Developing a high quality workforce in the automotive industry is no easy task. Auto retail employee retention is poor. With some of the highest turnover rates across all vertical markets, it seems inevitable that turnover will continue to be an issue for the foreseeable future.
What the Challenges Are
Today being a car sales consultant for an automotive dealer is one of the most difficult jobs to maintain. In 2013, the National Auto Dealer Association (NADA) conducted a study using over 2,240 dealerships and reported that the turnover rate for these dealerships was an astonishing 111%, and rising. The turnover for all employees in this industry is 35%, showing that the turnover is concentrated to the salesforce.
It’s no secret that obtaining and retaining quality employees is one of every dealer’s biggest pain points. As an example, 40% of salespeople are terminated just 90 days after they’re hired. There are numerous obstacles to employee retention, but dealerships struggle with key issues including employee onboarding, training, and reaching sales goals.
Conflicts while attempting to meet sales targets often leads to long hours and frequently affects family life. A December 2013 This American Life episode “129 Cars” captures some of this stress. In Act 5, the journalist lists the employees’ relationships that have been torn apart as a result of long hours at a dealership in Long Island.
Lextech proposes mobile apps as the key to success in automotive retail. A clear mobile app roadmap focuses on productivity, efficiency, reaching more customers, and keeping and growing a great team. See here how Lextech has used mobile apps to improve employee turnover by 75% at Sonic Automotive.
Millennials Expect More
“A new workforce generation demands mobile tools as the norm, and businesses must answer the call or disappear into obscurity.” -Alex Bratton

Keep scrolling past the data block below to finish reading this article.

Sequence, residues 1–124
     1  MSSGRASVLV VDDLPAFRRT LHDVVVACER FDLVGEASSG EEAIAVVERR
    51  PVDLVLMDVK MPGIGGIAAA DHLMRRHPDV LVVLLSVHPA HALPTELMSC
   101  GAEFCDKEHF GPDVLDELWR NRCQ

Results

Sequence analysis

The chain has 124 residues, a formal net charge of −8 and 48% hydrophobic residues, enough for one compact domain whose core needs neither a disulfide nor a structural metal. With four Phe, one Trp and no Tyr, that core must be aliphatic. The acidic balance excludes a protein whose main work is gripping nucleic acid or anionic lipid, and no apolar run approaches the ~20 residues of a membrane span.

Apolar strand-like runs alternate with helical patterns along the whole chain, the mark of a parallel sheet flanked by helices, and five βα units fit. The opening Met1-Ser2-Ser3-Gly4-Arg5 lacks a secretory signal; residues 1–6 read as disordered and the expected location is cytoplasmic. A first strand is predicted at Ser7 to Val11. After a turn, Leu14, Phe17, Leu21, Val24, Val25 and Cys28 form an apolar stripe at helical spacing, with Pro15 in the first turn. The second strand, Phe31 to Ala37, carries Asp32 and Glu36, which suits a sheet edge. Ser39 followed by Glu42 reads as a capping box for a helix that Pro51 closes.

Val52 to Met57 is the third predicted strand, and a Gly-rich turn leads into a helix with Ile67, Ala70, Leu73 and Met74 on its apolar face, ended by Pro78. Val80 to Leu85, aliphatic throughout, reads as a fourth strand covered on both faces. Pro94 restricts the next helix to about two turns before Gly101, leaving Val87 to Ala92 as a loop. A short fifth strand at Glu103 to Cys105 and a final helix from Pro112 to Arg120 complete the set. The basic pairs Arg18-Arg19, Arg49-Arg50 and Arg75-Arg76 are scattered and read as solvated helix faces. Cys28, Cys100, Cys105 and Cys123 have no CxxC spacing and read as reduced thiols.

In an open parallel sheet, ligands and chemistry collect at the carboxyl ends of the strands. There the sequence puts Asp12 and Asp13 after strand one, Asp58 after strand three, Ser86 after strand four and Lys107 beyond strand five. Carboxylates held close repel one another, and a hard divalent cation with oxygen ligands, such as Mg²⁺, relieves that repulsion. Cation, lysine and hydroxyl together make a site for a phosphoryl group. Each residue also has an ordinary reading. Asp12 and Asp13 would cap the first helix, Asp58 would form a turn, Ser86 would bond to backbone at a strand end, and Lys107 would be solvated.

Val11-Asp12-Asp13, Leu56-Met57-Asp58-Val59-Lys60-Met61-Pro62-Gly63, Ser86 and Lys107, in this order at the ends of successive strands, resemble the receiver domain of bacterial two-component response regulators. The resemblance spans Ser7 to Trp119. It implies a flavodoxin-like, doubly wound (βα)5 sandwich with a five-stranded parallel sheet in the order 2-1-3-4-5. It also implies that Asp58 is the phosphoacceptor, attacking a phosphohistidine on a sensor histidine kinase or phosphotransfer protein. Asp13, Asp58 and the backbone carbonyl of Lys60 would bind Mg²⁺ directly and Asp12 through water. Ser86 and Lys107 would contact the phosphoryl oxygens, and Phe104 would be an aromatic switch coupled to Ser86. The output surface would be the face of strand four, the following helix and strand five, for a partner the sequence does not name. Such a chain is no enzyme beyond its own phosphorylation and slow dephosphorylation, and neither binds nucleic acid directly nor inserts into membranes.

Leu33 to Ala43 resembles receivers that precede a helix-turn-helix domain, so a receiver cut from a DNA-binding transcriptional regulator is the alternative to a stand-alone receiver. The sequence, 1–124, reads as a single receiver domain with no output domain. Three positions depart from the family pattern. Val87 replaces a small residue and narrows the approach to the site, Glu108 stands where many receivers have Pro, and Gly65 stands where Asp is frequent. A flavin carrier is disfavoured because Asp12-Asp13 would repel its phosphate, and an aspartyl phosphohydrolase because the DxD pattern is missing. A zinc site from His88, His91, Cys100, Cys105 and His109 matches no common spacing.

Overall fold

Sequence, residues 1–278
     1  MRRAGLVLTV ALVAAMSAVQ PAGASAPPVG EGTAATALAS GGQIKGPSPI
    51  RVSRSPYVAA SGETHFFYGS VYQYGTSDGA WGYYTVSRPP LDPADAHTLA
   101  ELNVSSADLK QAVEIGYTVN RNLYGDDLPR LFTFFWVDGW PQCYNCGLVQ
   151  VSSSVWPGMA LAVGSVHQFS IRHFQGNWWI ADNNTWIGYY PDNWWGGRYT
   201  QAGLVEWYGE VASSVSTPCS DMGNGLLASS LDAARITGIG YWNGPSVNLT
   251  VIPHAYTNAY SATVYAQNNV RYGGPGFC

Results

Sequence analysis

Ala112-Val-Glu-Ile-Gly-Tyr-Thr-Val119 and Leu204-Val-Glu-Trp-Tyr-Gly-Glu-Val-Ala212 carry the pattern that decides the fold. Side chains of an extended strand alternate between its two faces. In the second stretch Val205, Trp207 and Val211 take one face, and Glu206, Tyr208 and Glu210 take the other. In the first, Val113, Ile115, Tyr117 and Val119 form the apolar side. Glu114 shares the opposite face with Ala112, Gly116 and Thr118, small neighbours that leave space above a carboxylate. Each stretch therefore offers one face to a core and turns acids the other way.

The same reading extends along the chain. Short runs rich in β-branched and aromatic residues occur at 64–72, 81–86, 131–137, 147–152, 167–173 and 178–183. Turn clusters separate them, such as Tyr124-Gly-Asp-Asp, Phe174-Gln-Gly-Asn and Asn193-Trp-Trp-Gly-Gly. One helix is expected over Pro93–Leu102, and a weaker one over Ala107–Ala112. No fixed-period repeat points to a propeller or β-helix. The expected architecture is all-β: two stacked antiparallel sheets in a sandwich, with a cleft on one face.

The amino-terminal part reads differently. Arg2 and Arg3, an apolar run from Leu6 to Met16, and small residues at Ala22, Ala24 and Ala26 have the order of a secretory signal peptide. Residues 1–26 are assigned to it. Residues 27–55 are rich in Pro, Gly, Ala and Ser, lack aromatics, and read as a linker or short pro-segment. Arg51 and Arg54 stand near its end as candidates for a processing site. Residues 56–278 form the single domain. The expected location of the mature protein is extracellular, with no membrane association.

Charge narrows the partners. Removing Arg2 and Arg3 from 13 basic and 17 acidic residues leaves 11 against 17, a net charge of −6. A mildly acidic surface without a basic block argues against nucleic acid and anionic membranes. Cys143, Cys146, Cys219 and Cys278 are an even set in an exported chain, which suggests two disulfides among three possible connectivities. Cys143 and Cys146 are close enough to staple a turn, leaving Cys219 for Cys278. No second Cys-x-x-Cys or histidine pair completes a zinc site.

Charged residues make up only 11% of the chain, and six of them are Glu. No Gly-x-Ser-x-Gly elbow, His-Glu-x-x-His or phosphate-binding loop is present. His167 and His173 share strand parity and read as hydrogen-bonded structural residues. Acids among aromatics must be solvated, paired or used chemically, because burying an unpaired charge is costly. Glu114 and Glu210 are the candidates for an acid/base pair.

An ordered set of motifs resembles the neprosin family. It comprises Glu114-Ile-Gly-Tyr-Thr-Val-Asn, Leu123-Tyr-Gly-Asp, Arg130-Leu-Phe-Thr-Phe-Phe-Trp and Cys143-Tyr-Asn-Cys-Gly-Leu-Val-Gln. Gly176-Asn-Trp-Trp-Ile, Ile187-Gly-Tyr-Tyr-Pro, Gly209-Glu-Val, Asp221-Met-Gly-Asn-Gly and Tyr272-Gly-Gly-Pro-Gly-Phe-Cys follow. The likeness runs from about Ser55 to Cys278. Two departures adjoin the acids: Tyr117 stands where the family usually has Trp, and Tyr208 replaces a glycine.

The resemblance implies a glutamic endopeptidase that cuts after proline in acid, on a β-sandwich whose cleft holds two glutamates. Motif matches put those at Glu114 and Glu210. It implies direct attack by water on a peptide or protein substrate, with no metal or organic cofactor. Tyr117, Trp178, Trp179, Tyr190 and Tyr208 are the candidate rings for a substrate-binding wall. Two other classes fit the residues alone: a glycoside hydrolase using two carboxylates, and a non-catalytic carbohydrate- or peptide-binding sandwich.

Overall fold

Addressing the needs of a millennial workforce must be forefront in the present and future strategy of automotive dealerships. By 2020 45% of the workforce in the United States are going to be millennials, and dealerships need to find a way to adapt—and fast—to be able to keep up with expectations and innovation.
Millennials are constantly judging where and who they want to work for based on their mobile implementations and engagement, and feel they can’t do their jobs effectively without it! Mobile is a vital component of how they work. Organizations cannot overlook a well-executed mobile strategy.
How Sonic Is Overcoming Turnover Challenges
Businesses should consider millennials, but mobile isn’t just for their generation. Mobile is for everyone. Sonic Automotive understands this, and they have a mobile strategy that demonstrates this. When Sonic dug in with their mobile strategy seven years ago, they wanted to accomplish a number of things, but at the top of their goals was employee retention increase and higher customer acquisition and retention rates. Lextech has worked with Sonic over the last several years to help them achieve many of these business goals.
Mobile Helps Everyone—Not Just Millennials
Apps are designed for ease of use, and tend to have a more gentle learning curve than traditional software solutions. This is just one of many reasons why mobile helps businesses move forward and succeed like Sonic.
We’ve seen this impact first hand with Sonic, with both new and experienced sales people. Some have even said that the Sonic suite of apps have allowed them to understand their job more fully.
Apps are designed for ease of use, so tend to have a more gentle learning curve. This is just one of main reasons why mobile helps businesses move forward and succeed like Sonic. As part of their suite of apps, Sonic Automotive and Imagine Bar has contributed to Sonic’s increasing employee retention to 75%, a huge operations savings.
What are Your Employee Retention Struggles?
Don’t give in to the inertia that is poor employee retention. There is an elegant set of tools to help with this problem. Those tools are mobile apps.
If you’re an auto retailer, chances are that you’re familiar with these challenges. If you’re in another industry, you may also be familiar with obstacles like severe employee turnover, training difficulties, and employee culture struggles.
Let us ask you: What do you consider your greatest challenge in employee retention? If you’re a salesperson, what is your biggest struggle at work? Have you used mobile devices at work or would you? Let us know.
Portions of this blog post were adapted from a talk given by Alex Bratton at Camp IT, a conference for businesses learning about new technologies and making critical IT decisions, in October 2014